• On June 15, the National Association of State Boards of Education (NASBE) released a policy update titled, “Building Trauma-Informed School Systems.” The brief found that only 16 states require educator professional development for trauma, though there are nuances in these policies that may have implications for how teachers receive this training. Meanwhile, only a handful of states, including Pennsylvania, Washington and Illinois, require that school employees receive training on recognizing the signs of trauma in students and the impact of secondary trauma on school employees. The full report is here.
  • On June 15, NWEA and the University of Virginia (UVA) released a paper titled, “The COVID-19 School Year: Learning and Recovery Across 2020-2021.” The paper examined the aftermath of pandemic-related learning disruptions by modeling student achievement trends prior to and during the pandemic, with particular focus on growth in 2020-2021. The paper found that while the average student demonstrated positive test score gains in math and reading during the 2020-2021 school year, students were still behind pre-pandemic averages by spring 2021. The full report is here.
  • On June 15, the Southern Regional Education Board (SREB) released a report titled, “2021 Fact Book on Higher Education.” The report includes data on the population and economy, enrollment, degrees, student tuition and financial aid, faculty and administrators, revenue and expenditures. More specifically, the report found that enrollment in two-year colleges fell by about 7 percent in SREB states and 11 percent nationwide between 2014 and 2019. The report is here.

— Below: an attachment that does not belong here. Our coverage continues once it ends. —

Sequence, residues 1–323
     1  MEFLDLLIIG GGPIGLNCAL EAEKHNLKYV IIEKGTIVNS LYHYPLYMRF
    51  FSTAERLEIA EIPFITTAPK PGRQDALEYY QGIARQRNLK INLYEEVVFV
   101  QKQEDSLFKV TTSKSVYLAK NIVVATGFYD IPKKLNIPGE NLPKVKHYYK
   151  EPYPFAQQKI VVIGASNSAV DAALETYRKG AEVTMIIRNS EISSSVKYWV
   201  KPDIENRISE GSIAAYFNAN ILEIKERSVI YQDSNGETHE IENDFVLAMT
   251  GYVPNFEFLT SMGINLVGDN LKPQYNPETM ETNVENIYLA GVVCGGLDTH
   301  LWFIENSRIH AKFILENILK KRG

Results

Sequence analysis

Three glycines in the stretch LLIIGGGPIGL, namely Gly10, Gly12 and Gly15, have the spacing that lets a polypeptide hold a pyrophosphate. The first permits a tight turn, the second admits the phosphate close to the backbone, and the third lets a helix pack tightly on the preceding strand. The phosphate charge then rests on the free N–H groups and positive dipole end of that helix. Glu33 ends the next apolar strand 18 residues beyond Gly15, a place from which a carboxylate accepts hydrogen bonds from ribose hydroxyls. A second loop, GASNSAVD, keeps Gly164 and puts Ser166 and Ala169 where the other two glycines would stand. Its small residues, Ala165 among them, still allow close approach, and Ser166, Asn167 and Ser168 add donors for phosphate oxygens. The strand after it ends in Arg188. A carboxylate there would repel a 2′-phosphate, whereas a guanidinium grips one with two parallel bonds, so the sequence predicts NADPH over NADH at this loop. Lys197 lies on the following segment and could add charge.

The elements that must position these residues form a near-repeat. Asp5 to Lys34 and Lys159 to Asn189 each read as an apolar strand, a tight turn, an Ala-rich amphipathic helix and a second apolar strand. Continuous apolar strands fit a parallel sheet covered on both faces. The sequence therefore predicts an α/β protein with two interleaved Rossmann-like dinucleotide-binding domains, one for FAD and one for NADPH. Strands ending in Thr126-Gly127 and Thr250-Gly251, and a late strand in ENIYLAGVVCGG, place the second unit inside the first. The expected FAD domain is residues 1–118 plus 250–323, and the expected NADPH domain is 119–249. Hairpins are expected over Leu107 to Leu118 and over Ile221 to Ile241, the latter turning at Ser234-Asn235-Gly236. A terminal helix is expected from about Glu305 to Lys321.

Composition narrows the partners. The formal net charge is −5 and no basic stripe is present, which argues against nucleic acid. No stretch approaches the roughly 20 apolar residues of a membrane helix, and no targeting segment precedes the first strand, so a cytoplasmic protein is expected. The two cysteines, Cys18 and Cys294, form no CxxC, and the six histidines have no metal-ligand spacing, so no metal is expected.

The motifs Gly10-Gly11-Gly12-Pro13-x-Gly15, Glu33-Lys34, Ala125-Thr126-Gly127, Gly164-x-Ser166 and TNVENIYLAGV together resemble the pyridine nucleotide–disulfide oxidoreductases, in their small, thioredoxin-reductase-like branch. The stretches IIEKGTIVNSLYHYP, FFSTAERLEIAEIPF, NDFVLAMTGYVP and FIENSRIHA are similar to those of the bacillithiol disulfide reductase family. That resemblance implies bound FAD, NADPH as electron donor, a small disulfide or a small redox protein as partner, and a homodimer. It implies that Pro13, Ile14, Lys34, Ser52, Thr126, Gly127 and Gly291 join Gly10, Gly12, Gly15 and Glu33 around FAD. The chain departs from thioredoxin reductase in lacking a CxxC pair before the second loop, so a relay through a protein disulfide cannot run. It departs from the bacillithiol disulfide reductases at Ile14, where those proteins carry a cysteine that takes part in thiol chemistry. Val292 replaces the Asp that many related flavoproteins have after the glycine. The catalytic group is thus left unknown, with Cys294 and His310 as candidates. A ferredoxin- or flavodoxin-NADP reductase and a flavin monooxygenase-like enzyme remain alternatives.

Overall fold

• On June 16, the Vera Institute released a report titled, “Second Chance Pell: Five Years of Expanding Higher Education Programs in Prisons.” The report found that over 9,000 incarcerated students have earned a certificate or diploma through the Second Chance Pell initiative since it launched. Additionally, from 2016 through 2021, a total of 28,119 incarcerated students used federal Pell Grants to enroll in a higher education program, with enrollment in prison higher education programs overall steadily increasing year over year. The full report is here.


A bill to amend the Homeland Security Act of 2002 to provide eligibility to elementary and secondary schools for certain security grants for target hardening and other security enhancements to protect against terrorist attacks, and for other purposes.